Are Predatory Commitments Credible?: Who Should the Courts Believe? / Edition 2

Are Predatory Commitments Credible?: Who Should the Courts Believe? / Edition 2

by John R. Lott Jr.
     
 

ISBN-10: 0226493555

ISBN-13: 9780226493558

Pub. Date: 07/28/1999

Publisher: University of Chicago Press

Predatory pricing has long been a contentious issue among lawmakers and economists. Legal actions are continually brought against companies. But the question remains: how likely are firms to cut prices in order to drive rivals out of business? Predatory firms risk having to keep prices below cost for such an extended period that it would become cost-prohibitive

Overview

Predatory pricing has long been a contentious issue among lawmakers and economists. Legal actions are continually brought against companies. But the question remains: how likely are firms to cut prices in order to drive rivals out of business? Predatory firms risk having to keep prices below cost for such an extended period that it would become cost-prohibitive. Recently, economists have turned to game theory to examine circumstances under which predatory tactics could be profitable.

John R. Lott, Jr. provides long-awaited empirical analysis in this book. By examining firms accused of or convicted of predation over a thirty-year period of time, he shows that these firms are not organized as the game-theoretic or other models of predation would predict. In contrast, what evidence exists for predation suggests that government enterprises are more of a threat.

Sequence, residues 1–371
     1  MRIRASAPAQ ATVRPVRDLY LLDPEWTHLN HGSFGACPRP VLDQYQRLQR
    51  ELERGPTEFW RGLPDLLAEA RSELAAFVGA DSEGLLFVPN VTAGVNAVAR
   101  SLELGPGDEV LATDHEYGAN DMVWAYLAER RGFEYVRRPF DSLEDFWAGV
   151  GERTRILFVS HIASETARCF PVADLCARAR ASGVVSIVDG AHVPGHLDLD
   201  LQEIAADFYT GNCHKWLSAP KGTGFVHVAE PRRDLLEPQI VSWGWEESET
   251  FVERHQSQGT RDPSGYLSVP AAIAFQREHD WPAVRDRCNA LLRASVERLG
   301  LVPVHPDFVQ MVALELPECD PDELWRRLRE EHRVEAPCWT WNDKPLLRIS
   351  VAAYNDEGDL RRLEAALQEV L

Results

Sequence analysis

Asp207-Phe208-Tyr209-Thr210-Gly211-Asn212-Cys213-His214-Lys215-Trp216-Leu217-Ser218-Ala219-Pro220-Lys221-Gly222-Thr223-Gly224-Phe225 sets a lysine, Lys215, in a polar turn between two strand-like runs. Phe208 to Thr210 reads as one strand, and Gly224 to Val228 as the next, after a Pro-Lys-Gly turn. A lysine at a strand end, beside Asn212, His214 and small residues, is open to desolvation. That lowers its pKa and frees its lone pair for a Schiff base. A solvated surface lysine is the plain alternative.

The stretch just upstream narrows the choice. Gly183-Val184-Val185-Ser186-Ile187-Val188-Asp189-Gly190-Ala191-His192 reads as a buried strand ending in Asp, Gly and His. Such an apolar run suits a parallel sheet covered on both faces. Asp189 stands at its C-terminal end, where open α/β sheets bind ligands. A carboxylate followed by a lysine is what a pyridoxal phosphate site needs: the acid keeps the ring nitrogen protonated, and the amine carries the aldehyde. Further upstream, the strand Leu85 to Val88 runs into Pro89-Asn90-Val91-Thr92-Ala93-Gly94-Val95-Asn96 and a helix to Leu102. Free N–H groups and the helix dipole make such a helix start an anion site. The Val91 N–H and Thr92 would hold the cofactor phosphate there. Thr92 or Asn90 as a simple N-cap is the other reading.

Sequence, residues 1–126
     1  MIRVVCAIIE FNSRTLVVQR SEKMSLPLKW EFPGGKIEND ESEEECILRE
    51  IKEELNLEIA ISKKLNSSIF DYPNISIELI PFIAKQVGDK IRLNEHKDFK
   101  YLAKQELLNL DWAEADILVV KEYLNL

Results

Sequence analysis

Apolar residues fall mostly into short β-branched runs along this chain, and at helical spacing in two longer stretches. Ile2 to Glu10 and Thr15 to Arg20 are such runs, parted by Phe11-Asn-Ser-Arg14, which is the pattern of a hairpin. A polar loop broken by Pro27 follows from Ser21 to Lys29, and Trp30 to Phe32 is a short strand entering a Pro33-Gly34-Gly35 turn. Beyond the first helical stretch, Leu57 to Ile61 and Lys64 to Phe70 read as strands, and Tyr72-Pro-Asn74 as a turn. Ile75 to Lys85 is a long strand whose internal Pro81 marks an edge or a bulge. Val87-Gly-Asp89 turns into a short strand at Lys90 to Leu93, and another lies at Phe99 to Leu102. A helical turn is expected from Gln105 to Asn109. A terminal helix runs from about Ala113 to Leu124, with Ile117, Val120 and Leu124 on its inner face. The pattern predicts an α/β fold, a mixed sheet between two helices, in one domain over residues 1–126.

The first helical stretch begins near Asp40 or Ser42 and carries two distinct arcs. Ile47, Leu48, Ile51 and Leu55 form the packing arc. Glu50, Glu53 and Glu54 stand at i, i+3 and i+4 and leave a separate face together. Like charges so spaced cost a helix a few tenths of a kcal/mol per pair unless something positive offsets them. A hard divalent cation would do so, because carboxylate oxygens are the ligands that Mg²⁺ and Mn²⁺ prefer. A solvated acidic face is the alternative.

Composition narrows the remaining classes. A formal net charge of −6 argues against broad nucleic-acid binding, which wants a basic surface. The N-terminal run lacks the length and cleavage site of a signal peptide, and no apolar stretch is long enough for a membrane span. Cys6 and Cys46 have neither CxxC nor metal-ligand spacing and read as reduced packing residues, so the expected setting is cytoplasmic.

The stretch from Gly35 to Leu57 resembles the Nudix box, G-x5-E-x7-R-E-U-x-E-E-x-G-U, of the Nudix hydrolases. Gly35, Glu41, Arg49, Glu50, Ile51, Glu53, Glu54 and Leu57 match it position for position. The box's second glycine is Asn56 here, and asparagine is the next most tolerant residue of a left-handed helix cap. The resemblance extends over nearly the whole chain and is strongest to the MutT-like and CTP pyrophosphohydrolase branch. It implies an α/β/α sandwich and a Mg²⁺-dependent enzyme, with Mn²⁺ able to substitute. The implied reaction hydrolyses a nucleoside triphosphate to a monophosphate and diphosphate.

Lott presents crucial new data and analysis, attacking an issue of major legal and economic importance. This impressive work will be of great interest to economists, legal scholars, and antitrust policy makers.

Product Details

ISBN-13:
9780226493558
Publisher:
University of Chicago Press
Publication date:
07/28/1999
Series:
Studies in Law and Economics Series
Edition description:
1
Pages:
176
Product dimensions:
6.00(w) x 9.00(h) x 1.10(d)

Table of Contents

Preface
1. The Debate on Predation
2. Reputational Models of Predation: Testing the Assumptions
3. Nonprofit Objectives and Credible Commitments: What Does This Imply for Government Enterprises?
4. Are Government or Private Enterprises More Likely to Engage in Predatory Behavior? Some International Evidence
5. What Happens When the Victims Have Better Information Than the Predators?
6. Some Final Thoughts
Appendixes
A. Explaining the Framework Used to Evaluate the Legitimacy of Anti-dumping Cases
B. Data Appendix
C. Analyzing How the Profitability of Entry Deterrence Is Affected by the Possibility of Trading Profits
Notes
References
Index

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